ACLU Sues California University for Suppressing Student's Political Expression

March 11, 1999 12:00 am

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Thursday, March 11, 1999

SAN DIEGO–The ACLU of San Diego & Imperial Counties filed suit in federal court today against the University of California at San Diego for punishing a student who refused to remove a political sign containing a vulgar four-letter word from the window of his dormitory room.

Ryan Benjamin Shapiro, a first year student and National Merit Scholar, was ordered by school officials to perform three hours of community service for refusing to comply with a staff request to remove the sign.

In legal papers, the ACLU said that the university’s policies violate First Amendment free speech protections by being vague and subjective, failing to treat all verbal harassment under the same standard, and giving University administrators unbridled ability to suppress political viewpoints or word choices they do not like.

Shapiro placed the hand-made sign in his window last November after reading in the London Times about Israeli Prime Minister Benjamin Netanyahu’s involvement with biological weapons research and the arrest of former Chilean dictator Augusto Pinochet for crimes against humanity. The sign said, “Fuck Netanyahu and Pinochet.”

Shapiro said he used provocative wording to get people’s attention and to provoke debate on human rights and morality. After refusing to take the sign down, Shapiro was charged with violating University regulations on posting notices, which prohibit “offensive” materials and the use of “fighting words.”

“The university cannot use a policy created to prevent hate speech as a cover for sanitizing all campus conversation,” said Guylyn Cummins, theACLU volunteer attorney representing Shapiro. “Nor can they censor a student’s political views or vocabulary because they might offend an administrator. A university campus should be a forum for vigorous discourse, not a center of censorship.”

The U.S. Supreme Court has ruled that university officials may not censor student political expression on the basis that, in their view, it exceeds the bounds of good taste. The Court has also ruled that “fighting words” lose the protection of the First Amendment only when they are directed at an individual in a face-to-face confrontation in a way likely to incite immediate violent reaction.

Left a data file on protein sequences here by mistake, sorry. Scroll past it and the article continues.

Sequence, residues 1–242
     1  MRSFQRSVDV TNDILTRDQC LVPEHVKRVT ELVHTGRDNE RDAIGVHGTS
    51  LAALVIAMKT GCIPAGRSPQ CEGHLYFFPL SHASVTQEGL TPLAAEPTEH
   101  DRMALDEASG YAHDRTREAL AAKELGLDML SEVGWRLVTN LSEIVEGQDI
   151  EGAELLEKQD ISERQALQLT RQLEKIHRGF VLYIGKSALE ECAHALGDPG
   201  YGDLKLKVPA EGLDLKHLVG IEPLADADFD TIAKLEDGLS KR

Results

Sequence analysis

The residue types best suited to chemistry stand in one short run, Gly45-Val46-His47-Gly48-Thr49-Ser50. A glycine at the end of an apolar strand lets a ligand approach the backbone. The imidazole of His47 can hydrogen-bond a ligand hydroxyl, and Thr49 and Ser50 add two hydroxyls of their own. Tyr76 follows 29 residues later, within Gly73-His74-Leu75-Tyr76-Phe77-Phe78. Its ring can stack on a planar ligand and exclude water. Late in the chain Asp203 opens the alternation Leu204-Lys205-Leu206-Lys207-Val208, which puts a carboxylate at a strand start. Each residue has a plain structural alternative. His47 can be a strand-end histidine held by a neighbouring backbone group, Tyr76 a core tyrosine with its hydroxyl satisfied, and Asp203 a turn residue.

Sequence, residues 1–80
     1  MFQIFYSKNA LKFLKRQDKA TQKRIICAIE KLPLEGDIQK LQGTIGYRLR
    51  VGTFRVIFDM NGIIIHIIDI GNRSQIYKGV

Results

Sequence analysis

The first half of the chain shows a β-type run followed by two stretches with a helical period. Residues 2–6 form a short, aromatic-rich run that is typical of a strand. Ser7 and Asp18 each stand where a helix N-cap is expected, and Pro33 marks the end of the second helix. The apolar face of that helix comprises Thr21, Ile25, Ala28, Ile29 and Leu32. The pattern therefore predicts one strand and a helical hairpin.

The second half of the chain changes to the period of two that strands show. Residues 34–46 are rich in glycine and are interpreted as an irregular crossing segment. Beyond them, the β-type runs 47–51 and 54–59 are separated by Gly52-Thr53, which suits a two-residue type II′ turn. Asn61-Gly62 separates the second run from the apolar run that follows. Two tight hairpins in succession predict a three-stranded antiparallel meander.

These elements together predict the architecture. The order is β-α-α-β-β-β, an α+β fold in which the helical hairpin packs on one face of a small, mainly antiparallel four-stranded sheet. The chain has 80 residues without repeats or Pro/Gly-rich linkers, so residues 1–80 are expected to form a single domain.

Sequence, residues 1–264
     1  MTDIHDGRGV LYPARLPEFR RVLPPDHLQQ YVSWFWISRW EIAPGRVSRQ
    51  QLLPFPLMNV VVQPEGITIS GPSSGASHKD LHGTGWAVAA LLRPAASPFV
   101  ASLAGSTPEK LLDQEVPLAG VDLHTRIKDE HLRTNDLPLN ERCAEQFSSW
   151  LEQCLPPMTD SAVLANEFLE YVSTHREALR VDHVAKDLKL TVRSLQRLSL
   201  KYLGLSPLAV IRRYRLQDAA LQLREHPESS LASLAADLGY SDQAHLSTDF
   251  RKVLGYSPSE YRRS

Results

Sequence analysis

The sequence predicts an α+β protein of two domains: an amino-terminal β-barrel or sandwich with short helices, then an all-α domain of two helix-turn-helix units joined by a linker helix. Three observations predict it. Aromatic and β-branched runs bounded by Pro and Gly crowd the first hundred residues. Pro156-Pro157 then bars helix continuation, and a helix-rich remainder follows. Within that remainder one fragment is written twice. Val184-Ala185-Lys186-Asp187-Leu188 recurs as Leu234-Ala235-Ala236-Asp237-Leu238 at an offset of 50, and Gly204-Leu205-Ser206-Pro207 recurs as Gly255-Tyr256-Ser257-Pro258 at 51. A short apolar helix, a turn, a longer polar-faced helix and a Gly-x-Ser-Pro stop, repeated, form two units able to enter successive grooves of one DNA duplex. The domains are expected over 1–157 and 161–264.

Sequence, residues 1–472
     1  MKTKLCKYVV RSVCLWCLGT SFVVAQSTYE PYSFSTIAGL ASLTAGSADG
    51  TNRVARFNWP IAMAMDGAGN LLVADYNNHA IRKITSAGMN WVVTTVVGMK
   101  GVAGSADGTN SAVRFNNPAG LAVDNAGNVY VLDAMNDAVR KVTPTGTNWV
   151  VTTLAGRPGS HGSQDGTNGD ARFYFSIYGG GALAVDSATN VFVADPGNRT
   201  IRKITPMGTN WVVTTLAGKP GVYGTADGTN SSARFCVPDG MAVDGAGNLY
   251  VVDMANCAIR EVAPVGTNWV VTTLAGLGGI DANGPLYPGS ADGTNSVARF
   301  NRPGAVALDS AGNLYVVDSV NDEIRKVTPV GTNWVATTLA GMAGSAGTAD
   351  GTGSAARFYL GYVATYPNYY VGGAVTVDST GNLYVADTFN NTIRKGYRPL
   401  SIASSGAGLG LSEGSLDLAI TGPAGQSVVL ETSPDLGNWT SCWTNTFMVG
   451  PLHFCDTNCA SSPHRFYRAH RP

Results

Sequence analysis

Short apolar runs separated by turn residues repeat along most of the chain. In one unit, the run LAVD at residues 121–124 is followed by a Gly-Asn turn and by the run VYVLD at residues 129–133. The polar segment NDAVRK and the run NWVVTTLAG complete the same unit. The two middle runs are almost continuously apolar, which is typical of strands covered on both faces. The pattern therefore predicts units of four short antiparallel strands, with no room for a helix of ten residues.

But applying a fighting words policy to a written political statement about two politicians who are thousands of miles away is not only unconstitutional, but absurd, the ACLU said.

The university’s fighting words policy was designed primarily to address harassment of students based on personal characteristics such as race or sexual orientation; however, it also creates the presumption that certain words, regardless of context, are fighting words as defined by the Supreme Court. However other verbal harassment based on personal characteristics is not given automatic “fighting words” status. This type of viewpoint discrimination by a public entity also violates the First Amendment, the ACLU said.

“Nothing in this lawsuit suggests that universities cannot punish hate speech that creates a hostile and intimidating educational environment.” said ACLU Executive Director Linda Hills. “However, as this case demonstrates, the university’s policy is so lacking in focus and even-handedness that it can be used to inhibit political speech protected by the First Amendment.”

The ACLU has requested that the University delay Shapiro’s punishment until after the constitutional issues raised in its lawsuit have been reviewed by the court. If the University does not comply with this request, the ACLU said it will seek a Temporary Restraining Order early next week.

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